Vampirella (1996)
Vampirella (1996)

Genre: Action and Superhero Running Time: 1 hr. 22 min.

Release Date: September 28th, 1996 MPAA Rating: R

Director: Jim Wynorski Actors: Talisa Soto, Roger Daltrey, Richard Joseph Paul, Brian Bloom, Corinna Harney, Rusty Meyers, Lee de Broux, Tom Deters, Angus Scrimm

 


 

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n the planet Drakulon, 30 centuries ago, Ella (Talisa Soto) learns of her ancestors’ barbaric ways, a secreted urge to drain each other instead of drinking from the plentiful, organic rivers and streams of blood that course throughout the land (in current times, scientists have even manufactured a third alternative, a synthetic serum to replace the need for real blood). But one subsection of the largely peaceful society, led by the rebellious Vlad (Roger Daltrey), wishes to wreak havoc, embracing their violent sides to suckle from the necks of innocents. When he escapes from a tribunal gathered to convict him of his crimes, Vlad and his cohorts fly (via space shuttle) to Earth, anticipating plenty of fodder for generations of sustenance. “Don’t destroy your soul trying to avenge this act of madness,” croaks Ella’s stepfather, the high elder (Angus Scrimm) as he perishes from wounds sustained by Vlad’s explosive getaway.

“We’re civilized people; we’re not monsters like Vlad and his cult.” Hundreds of years later, in present day Los Angeles, Forry Ackerman (David B. Katz) finds himself being mugged in an alley. But swooping in to rescue him is Ella, decked out in her (Vampirella’s) signature, revealing crimson outfit (little more than a bikini, tacked together quite pitifully), which she didn’t use on her home planet, and which has no practical application on Earth. “Do you have any idea how gorgeous you are?” Nevertheless, Ella has an ongoing mission to resume: to track down and kill Vlad and his lackeys Demos (Brian Bloom), Traxx (Tom Deters), and Sallah (Corinna Harney).

“Tell me I’m dreaming. Vampires from space?” Adam Van Helsing (Richard Joseph Paul), an agent from a covert, anti-vampire, paramilitary organization, also works to apprehend Vlad (under “Operation Purge”), though he can’t seem to figure out the criminal’s clandestine new identity – despite the fact that Vlad is masquerading as a celebrity rock star in Vegas. And, as expected, Daltrey gets to perform a song on a stage – perhaps just slightly too good for this kind of Roger Corman production (though his bright makeup and bad hairdo are appropriately laughable).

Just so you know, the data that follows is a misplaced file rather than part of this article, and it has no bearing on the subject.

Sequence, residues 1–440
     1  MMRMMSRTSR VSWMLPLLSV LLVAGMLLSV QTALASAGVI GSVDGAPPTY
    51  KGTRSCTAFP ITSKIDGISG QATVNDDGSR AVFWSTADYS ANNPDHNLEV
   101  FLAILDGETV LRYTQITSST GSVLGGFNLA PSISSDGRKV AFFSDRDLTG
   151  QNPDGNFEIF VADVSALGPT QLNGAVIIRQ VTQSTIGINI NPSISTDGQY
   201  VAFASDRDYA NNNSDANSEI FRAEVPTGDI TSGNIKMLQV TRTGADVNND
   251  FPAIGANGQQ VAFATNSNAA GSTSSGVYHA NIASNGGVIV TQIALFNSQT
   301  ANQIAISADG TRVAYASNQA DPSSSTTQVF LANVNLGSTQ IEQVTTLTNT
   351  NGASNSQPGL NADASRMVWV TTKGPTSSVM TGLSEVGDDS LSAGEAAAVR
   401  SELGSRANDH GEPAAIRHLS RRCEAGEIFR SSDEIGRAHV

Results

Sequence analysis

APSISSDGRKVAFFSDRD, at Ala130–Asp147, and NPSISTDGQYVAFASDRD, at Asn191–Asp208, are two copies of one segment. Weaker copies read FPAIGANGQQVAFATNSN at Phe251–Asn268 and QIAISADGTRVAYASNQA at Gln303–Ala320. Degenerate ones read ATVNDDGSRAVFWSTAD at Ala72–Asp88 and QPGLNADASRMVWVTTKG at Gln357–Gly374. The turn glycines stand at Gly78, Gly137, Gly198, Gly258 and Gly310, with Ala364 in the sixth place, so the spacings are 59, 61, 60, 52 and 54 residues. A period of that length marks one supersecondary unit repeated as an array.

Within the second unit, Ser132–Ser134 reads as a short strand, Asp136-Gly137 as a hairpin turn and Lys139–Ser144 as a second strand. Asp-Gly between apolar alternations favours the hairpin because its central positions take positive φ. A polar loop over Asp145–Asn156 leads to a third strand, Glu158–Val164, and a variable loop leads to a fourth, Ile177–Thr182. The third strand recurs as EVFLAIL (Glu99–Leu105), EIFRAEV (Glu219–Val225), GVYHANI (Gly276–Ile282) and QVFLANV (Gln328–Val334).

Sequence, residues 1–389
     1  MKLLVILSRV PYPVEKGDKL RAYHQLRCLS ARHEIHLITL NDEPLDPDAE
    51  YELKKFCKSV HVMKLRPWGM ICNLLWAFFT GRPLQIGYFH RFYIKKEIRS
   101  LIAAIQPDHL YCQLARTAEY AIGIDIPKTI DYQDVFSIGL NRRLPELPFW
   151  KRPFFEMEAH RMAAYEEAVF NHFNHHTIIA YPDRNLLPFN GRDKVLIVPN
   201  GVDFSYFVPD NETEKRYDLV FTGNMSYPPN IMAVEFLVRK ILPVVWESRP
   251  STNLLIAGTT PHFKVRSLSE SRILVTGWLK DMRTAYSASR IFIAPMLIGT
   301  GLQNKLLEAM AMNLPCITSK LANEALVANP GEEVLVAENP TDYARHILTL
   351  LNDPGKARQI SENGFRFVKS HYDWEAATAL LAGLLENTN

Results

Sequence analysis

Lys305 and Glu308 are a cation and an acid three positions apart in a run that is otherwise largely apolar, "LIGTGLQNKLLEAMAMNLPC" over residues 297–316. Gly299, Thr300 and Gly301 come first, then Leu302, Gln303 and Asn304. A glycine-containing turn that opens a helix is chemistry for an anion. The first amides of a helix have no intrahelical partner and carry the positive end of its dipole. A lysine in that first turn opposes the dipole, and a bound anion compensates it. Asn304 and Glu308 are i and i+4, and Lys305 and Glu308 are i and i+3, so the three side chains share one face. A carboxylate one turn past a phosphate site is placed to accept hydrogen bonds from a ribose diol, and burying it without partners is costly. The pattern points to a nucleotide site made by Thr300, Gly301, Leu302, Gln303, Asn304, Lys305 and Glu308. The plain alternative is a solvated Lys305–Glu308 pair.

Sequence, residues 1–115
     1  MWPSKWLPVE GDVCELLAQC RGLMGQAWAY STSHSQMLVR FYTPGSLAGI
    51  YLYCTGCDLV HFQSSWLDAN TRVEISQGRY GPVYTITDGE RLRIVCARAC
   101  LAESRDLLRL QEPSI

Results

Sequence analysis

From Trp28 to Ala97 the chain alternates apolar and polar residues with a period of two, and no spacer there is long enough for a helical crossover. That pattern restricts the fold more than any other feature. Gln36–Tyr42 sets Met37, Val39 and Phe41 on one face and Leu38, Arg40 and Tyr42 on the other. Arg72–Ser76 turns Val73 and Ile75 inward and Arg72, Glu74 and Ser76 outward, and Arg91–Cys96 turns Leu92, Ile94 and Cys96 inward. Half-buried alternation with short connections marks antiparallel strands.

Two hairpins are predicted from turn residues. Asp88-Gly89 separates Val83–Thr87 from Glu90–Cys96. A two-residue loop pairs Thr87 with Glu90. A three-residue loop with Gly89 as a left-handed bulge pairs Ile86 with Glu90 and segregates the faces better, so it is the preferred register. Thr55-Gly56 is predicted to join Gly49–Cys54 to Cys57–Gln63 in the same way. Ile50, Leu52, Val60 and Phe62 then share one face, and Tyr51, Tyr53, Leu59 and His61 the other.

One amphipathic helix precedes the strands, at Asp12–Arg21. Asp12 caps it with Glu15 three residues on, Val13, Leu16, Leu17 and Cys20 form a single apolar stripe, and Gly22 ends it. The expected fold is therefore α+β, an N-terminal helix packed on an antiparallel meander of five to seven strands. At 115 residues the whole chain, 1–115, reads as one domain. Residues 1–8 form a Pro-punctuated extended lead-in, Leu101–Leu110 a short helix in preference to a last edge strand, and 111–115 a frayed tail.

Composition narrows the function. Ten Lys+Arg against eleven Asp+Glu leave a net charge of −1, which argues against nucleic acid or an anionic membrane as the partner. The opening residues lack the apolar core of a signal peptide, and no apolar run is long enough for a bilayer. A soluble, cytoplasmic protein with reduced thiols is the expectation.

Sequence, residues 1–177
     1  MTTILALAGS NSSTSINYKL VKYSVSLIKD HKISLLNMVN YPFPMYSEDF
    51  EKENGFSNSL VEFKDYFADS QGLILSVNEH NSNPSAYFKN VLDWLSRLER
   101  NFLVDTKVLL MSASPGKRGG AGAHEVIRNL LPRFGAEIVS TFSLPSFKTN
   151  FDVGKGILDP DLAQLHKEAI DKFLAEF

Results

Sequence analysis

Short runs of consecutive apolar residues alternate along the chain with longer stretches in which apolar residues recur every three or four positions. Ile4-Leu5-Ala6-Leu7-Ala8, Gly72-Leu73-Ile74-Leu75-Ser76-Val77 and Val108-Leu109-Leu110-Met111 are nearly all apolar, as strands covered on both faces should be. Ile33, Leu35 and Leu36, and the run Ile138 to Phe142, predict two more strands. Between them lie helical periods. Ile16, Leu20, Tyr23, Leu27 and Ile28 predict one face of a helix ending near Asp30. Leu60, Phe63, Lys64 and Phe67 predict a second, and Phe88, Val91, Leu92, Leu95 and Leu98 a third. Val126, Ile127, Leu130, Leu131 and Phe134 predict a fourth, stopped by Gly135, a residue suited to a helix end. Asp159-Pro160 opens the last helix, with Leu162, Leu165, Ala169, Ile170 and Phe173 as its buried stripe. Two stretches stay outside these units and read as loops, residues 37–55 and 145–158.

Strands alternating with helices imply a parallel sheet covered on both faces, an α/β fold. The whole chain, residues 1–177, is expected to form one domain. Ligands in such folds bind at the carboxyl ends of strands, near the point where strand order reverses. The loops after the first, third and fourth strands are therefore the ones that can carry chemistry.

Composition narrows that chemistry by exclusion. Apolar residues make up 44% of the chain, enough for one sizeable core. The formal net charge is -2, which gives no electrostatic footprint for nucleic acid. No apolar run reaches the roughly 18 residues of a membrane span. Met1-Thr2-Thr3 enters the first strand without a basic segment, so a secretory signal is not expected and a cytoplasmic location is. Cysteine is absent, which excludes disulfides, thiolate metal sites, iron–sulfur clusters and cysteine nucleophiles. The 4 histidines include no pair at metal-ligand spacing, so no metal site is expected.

Far less amusing are the incredibly cheap costumes, the tragically unconvincing fight choreography and editing, the appalling acting, the pitiful special effects, and the cheap plastic props (given funny names, such as for the high-intensity assault weapon, the “sun gun”). The film also seems disinterested in making up for the low budget with serious dialogue or sensible storytelling; the conversations are awkward at best, while the script is peppered with a tremendous amount of cheesy vampire jokes. At least Daltrey seems to be enjoying himself with his own eccentricity and overacting.

Just as hokey are the action-movie sequences, which find Vampirella constantly stripping off her long black coat before engaging in combat, vehicles colliding or exploding in nonsensically dramatic ways, and plenty of aggravating stalling before kills (time is always designated to growl impotent insults and threats). The vampire lore, while adopting a few of the source material’s particulars (such as Drakulon and Vampirella’s allegiance with mankind), retains the weaknesses of sunlight, holy water, Christian symbols, and garlic, along with the ability to transform into bats – though none of this lends to genuine thrills. And, unfortunately, in part due to the destroy-the-world scheming by the villains, it appears as if everyone is always on the verge of laughing in each other’s faces. The unintentional absurdness is difficult to overcome. At least Soto looks the part, though her sexy physique doesn’t aid her lifeless deliveries or toothy expressions – not that she has much to work with, considering the amateurish nature of the screenplay. Curiously, the movie concludes with the tease, “Vampirella will return in ‘Death’s Dark Avenger'” – a sequel that, thankfully, never saw the light of day.

– Mike Massie

  • 3/10